QT: Is Overtraining a Real Thing or a Myth?

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There’s an adage I’ve heard several times in running circles that says it’s better to be undertrained than overtrained on race day.

I’ve always agreed with this philosophy, and have tried to err on the side of caution when putting training plans together for myself and for the runners I coach.

But recently I’ve started to hear a lot of people talking about overtraining as something that isn’t really a thing.

And I think I agree with their logic…

What is Overtraining?

First things first, what do we mean by overtraining?

Great Questions

The most commonly accepted definition of overtraining is the point where more activity actually inhibits progress/growth instead of encouraging it.

So for us as runners, that means that overtraining would be the point where more (volume, intensity, or both) is going to lead to worse performance on race day.

How is this possible?

Every time you’re training, you’re causing damage to the cells in your body.

As your body repairs those cells and tissues, that’s how you get stronger and improve your fitness.

Once overtraining comes into play, you’re doing more damage to your body than it’s capable of repairing before your next run or workout.

In isolation?

But when that continues to happen, run after run, week after week, your body is breaking down instead of building itself up and your performance suffers.

With that in mind, it’s probably easy to see why it’s better to be a bit undertrained with a race approaching than being overtrained.

The Myth of Overtraining

This overtraining process/phenomenon is pretty well established in the exercise science world.

For most of my professional life, I’ve never questioned whether or not overtraining was a thing.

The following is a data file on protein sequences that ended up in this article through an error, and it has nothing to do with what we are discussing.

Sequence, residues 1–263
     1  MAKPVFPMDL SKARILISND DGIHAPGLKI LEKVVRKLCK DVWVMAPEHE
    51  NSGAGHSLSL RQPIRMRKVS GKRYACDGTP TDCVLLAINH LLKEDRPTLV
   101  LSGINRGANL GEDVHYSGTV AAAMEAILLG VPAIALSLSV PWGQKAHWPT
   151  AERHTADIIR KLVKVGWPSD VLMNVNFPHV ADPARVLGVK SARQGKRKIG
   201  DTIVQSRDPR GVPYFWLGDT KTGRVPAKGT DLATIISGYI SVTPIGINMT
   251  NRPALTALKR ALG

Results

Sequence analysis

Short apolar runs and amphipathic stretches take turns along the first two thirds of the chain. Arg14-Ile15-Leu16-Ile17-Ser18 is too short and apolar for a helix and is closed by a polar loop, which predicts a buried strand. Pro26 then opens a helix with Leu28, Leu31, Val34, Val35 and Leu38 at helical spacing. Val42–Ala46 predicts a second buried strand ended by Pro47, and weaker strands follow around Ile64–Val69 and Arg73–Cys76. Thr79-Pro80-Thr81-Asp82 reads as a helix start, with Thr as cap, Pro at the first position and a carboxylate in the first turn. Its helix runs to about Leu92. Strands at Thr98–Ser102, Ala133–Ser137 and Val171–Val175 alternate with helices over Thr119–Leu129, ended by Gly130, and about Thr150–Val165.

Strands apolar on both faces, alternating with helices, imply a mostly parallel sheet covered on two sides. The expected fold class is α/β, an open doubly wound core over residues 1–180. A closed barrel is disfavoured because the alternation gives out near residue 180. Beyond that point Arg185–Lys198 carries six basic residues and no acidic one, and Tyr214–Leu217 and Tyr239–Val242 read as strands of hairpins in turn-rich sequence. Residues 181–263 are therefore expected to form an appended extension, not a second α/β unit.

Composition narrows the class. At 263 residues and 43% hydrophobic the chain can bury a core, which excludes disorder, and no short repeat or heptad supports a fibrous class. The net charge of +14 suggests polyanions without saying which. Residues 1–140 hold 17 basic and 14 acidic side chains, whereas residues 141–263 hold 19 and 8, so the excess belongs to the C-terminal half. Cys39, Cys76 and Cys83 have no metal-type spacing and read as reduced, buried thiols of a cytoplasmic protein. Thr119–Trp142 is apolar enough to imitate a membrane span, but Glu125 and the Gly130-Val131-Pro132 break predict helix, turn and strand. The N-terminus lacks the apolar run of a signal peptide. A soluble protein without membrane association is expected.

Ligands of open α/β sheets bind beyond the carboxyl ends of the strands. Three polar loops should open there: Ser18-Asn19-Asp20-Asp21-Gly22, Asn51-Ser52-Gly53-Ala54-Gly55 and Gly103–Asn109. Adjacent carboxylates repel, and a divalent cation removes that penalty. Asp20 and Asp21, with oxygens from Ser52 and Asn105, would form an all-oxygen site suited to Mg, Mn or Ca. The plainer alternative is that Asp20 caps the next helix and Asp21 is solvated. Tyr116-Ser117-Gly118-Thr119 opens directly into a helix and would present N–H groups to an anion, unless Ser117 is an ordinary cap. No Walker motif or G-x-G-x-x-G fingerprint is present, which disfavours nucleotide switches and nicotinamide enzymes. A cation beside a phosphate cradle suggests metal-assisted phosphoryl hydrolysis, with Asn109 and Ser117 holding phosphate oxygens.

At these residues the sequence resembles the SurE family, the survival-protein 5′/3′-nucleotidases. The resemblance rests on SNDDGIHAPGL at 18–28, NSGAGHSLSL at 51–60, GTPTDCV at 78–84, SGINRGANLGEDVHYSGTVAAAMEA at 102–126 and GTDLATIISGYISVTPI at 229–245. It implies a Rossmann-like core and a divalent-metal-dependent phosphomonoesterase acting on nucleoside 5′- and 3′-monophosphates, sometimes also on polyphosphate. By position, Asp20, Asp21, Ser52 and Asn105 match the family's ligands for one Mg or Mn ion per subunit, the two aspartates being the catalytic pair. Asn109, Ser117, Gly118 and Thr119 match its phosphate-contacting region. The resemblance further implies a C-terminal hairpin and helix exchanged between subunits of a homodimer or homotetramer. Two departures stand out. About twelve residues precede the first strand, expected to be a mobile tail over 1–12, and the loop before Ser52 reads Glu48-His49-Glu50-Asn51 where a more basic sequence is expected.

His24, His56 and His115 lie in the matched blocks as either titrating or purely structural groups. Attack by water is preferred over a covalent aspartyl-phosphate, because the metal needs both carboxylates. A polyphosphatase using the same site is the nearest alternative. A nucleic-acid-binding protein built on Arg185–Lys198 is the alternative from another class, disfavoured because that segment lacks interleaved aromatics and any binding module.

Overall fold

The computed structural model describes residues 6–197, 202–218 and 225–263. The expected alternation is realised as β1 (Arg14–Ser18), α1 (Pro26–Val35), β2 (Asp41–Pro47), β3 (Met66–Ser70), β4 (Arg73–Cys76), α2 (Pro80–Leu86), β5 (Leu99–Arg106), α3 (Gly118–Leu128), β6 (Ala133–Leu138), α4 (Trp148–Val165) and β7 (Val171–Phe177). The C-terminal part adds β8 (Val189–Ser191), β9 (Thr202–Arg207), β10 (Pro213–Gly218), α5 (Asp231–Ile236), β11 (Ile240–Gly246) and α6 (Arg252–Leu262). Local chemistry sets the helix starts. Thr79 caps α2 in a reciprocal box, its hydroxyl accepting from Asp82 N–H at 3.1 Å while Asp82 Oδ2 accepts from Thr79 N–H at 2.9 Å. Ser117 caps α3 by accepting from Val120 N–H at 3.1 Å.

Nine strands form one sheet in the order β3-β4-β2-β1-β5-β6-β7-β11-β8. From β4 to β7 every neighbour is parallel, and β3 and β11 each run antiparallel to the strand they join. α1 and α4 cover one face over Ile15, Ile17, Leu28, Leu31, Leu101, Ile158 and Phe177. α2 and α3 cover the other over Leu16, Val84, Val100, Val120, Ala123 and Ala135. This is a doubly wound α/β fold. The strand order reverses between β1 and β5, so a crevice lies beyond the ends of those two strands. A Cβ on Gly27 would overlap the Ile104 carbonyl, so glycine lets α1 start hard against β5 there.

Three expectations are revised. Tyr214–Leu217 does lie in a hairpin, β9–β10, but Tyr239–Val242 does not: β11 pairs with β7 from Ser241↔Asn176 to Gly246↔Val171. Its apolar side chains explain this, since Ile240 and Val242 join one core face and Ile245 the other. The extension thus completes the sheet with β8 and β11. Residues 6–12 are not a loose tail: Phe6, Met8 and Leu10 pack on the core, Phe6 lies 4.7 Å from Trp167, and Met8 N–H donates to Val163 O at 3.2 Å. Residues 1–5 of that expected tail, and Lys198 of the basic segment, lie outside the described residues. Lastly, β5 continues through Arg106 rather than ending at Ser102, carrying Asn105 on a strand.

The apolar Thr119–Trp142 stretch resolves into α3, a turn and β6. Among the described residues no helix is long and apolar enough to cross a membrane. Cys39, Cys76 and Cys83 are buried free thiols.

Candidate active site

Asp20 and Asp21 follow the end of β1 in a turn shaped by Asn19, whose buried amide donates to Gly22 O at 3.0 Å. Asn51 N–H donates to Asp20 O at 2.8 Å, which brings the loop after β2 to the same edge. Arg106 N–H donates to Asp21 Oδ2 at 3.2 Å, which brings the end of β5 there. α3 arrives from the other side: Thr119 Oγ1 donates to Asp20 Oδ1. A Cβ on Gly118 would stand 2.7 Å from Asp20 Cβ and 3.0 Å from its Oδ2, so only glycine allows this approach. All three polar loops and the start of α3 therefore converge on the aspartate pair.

Until recently.

There’s no such thing as overtraining, just under recovering.

What Does This Mean?

Let’s unpack that a bit, shall we.

Building your fitness, whether we are talking about running or not, is an ebb and flow of work and recover.

Tissue damage done by running or other physical activity, and the body’s repairing of the tissue making it stronger and more resilient.

As long as this balance is more or less maintained, overtraining is more or less an impossibility.

Maintaining this balance of work and recovery can happen a couple of different ways.

Doing more work in training, invest more time/effort into your recovery.

Decrease training load? Not as much recovery is needed.

Basic algebra, really.

Is It All Semantics Then?

Is there really a difference between overtraining and under recovering? Or is it all just semantics?

It’s mostly just semantics, honestly.

But whether you want to call it overtraining or under recovering, it’s still a very real thing.

And in the next couple of weeks, we will dig a little deeper into both sides of the equation: training load and recovery.


Is overtraining a myth? Perhaps. #runchat Share on X

Have You Ever Struggled with Overtraining/Under Recovery?

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3 replies
  1. Ryan
    Ryan says:

    I first came across this concept via Jason Koop. I’d always wanted to try higher mileage but was worried about blowing up from overtraining. But after reading Koop’s statements saying essentially the same as your post- along with some good advice from experienced friends- I bumped my mileage way up (for me)- from averaging 45-60 mpw to averaging 75-90 mpw, with a few 100 miles weeks peppered in at peak training. I also slept more, ate better, cut back on alcohol, drank way more water, etc. Unsurprisingly, my running improved; surprisingly (to me at least) I did not get injured at all. In fact, I felt more resilient. It’s amazing what our bodies and brains are capable of if we give them a chance!

    Reply
  2. Ryan
    Ryan says:

    I first came across this idea via Jason Koop, who said basically the same thing as your post. I’d always wanted to try high mileage, but as afraid I’d blow up. But after reading Koop’s take, and getting advice from experienced friends, I decided to try it. I went from averaging 45-60 mpw to averaging 75-90 with a few 100 miles weeks at peak training. Of course I slept more, ate better, cut back on alcohol, drank more water, etc. And, unsurprisingly, my running improved. I was surprised though at how good I felt and that I never got injured (knock on wood…). It’s amazing what our bodies (and minds) can do if we give them a chance. My only regret is that I didn’t train this way when I was younger.

    Reply

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